Russell and Duenes

Hard O.T. Texts: How to Read Them

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In trying to address some hard Old Testament texts, I think it’s important to say a few words about the way in which we ought to read these texts – as indeed we ought to read all biblical texts – namely, we should read them in canonical context. What does that mean?

It means that the Scripture is not just one continuous piece of writing, but contains numerous writings which make up the canon of Scripture. This canon is rightly closed, and admits no new inspired writings. But we run into trouble when we try to read hard texts piecemeal without seeing them in light of the canonical story.

In other words, we have to start our reading of everything under the banner of Genesis 1:1, “In the beginning God created the heavens and the earth.” Further, God created mankind in his image, gave us dominion over the earth, and said that all he had made is “very good.” Thus we know that God is good and all he creates is good. He has no bad intentions and all his ways are justice and mercy. As St. John says, “God is light and in him there is absolutely no darkness at all.”

But, a canonical reading also tells us that we have rebelled against God, and are thus cursed, marred, twisted, unholy and impure. We stand under God’s righteous judgment. Thus, God’s laws are given to us in this context. His laws are not given to sinless, perfect people. They are an expression of his character, given to sinners, for the purpose of showing his holy glory and showing their dependence on him.

God’s laws are also given as part of his redemptive plan to bring his salvation to all the nations. One of his early moves in bringing about this redemption was to choose the nation of Israel in particular and set her apart by giving her a unique law. Thus, the law is conditioned by the context and purpose of the recipients. They are not all timeless laws in their application, for they were intended to bring about the display of God’s mercy and glory among a particular people, at a particular place, in a particular time. Yet they are timeless in that they are a reflection of God’s character. We know that God’s laws are all merciful and good because the canon of Scripture tells us they are. We know that “God is good and does good.” (Ps.119:68). God’s people are told, “So keep and do [these laws], for that is your wisdom and your understanding in the sight of the peoples who will hear all these statutes and say, ‘Surely this great nation is a wise and understanding people.’ “For what great nation is there that has a god so near to it as is the LORD our God whenever we call on Him?” (Deut.4:6-7). God desired for his people to know the right way to live, but he also desired for them to have the knowledge of their sin and his judgment against it, for the canonical Scriptures also tell us, “through the law comes knowledge of sin,” (Rom.3:20) and “the law brings wrath.” (Rom.4:15)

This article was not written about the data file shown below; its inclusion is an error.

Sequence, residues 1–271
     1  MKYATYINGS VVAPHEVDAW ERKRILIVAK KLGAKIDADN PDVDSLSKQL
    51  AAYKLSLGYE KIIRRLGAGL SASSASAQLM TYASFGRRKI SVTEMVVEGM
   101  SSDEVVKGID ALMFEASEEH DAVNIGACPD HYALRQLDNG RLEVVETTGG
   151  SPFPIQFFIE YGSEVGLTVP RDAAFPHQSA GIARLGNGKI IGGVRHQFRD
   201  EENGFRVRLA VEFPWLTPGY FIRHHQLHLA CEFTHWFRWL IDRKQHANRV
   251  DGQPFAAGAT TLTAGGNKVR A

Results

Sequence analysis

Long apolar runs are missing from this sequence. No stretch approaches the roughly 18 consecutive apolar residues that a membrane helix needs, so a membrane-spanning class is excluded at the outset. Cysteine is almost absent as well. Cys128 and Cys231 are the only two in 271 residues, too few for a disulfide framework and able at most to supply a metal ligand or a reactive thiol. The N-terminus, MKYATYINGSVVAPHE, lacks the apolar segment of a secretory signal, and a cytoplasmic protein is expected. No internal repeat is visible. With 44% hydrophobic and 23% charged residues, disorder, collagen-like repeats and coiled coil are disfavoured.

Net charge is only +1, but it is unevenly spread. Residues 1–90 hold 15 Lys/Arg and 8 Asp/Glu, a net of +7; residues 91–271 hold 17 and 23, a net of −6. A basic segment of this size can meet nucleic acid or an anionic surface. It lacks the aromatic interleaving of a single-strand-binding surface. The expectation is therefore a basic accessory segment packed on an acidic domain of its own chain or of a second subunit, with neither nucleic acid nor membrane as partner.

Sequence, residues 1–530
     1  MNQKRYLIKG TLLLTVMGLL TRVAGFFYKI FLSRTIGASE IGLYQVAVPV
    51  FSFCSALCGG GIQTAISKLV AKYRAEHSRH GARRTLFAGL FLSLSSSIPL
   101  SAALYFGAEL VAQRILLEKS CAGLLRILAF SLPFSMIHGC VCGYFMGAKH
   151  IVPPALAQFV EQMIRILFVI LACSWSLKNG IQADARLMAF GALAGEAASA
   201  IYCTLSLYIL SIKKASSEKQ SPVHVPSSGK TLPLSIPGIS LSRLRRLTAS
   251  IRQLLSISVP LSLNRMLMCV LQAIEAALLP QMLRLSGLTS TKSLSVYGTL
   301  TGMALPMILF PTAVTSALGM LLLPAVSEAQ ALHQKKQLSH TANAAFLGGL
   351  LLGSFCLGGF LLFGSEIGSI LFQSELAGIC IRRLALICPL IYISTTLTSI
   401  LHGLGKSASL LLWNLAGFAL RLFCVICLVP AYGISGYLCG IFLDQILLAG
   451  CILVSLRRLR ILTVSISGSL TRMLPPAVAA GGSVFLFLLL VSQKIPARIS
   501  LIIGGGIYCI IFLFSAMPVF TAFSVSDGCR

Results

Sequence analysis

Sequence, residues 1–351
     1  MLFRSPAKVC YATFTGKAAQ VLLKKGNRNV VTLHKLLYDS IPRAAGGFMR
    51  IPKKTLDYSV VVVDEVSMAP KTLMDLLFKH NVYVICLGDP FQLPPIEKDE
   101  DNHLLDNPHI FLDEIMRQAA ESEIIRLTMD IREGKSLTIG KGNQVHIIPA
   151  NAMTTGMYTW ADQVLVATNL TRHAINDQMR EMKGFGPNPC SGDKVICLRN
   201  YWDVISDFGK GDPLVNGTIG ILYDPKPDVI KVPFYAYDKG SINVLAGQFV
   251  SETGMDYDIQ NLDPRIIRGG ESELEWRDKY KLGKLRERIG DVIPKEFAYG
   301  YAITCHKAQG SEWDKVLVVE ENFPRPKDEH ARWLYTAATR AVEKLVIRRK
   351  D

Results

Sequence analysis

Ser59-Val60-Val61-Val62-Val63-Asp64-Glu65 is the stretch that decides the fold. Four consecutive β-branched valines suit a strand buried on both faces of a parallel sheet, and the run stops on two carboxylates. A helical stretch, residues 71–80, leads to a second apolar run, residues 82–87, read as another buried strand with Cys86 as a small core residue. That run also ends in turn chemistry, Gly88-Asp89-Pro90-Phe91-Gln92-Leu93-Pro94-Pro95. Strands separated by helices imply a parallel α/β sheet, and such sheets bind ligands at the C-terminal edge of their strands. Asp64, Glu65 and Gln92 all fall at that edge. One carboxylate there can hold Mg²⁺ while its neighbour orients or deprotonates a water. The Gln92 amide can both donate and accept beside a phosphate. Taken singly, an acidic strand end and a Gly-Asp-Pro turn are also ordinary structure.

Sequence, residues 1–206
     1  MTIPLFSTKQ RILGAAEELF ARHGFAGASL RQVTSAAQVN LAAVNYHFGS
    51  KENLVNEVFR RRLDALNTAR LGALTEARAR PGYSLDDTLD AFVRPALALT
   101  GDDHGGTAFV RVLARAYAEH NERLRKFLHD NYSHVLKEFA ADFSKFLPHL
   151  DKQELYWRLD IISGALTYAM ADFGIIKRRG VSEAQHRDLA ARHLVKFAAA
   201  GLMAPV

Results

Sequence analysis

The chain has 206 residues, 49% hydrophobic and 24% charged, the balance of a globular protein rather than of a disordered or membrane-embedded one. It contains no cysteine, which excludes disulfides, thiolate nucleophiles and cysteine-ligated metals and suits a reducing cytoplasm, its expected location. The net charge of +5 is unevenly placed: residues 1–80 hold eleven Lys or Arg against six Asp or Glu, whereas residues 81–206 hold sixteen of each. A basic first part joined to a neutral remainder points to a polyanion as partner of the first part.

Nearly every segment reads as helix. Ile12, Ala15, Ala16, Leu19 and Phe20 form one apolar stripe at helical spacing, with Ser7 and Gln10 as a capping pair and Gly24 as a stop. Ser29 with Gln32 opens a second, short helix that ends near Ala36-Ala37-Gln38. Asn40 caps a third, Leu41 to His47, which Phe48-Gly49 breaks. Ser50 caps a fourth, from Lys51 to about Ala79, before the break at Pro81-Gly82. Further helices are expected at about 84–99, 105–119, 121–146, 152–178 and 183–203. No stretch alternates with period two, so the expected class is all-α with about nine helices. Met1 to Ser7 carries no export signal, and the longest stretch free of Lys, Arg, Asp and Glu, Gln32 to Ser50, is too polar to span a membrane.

The high peak of God’s work of redemption comes through the sinless life, atoning death, and victorious resurrection of Jesus Christ. The hard O.T. texts must ultimately be read through the lens of Christ’s teachings and the apostolic teachings. Christ is the fulfillment of the law’s prophetic function, but in the death and resurrection of Christ, many of the laws become passe. Obviously the sacrificial system of the Old Testament is no longer needed, to give but one example. The book of Hebrews also makes it clear that, “By calling this covenant “new,” he has made the first one obsolete; and what is obsolete and aging will soon disappear” (Heb.8:13). As Christians, we walk by the Holy Spirit, according to the law of Christ. Much more could be said here.

Finally, we have the final age, when Christ reigns over the new heavens and the new earth. The O.T. law must be read in light of this as well. Here there will be no sin, and we will know final redemption. God’s law will always be “perfect,” but its work in redemption will no longer be needed.(You can see I need to do much more thinking about this part of the canon.)

Doubtless I’ve left out a lot of stuff, which only points up the importance for me and all other Christians to be reading our Bibles, en toto, again and again and again. We need to become ever more familiar with the entire terrain of the biblical canon, so that we are able to interpret each part of it in light of the whole. This is a life’s work, yea, more than a life’s work. Which is why King David said that the blessed man or woman is the one “who delights in the law of the Lord, and on his law he meditates day and night.”



Written by Michael Duenes

June 18, 2010 at 3:04 pm

Posted in Duenes, Theology

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